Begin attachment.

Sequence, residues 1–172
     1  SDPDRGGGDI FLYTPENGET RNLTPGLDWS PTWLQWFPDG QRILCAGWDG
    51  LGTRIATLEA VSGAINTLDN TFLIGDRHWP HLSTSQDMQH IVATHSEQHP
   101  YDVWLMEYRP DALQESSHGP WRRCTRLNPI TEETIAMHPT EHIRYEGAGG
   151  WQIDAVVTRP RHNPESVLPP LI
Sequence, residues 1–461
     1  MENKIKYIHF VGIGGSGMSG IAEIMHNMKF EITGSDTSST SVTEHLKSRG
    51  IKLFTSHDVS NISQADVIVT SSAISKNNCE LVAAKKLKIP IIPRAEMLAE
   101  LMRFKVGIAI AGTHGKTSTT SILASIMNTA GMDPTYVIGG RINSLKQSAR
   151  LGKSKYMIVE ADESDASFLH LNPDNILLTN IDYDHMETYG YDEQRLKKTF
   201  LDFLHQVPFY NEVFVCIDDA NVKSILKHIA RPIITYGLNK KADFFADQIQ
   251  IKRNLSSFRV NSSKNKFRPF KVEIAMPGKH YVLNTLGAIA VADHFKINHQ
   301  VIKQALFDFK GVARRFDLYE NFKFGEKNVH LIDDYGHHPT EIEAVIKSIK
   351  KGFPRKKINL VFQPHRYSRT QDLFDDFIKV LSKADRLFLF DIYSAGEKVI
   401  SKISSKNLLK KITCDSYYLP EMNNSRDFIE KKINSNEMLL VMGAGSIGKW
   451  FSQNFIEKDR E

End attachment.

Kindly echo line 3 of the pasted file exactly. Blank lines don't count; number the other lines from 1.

    51  LGTRIATLEA VSGAINTLDN TFLIGDRHWP HLSTSQDMQH IVATHSEQHP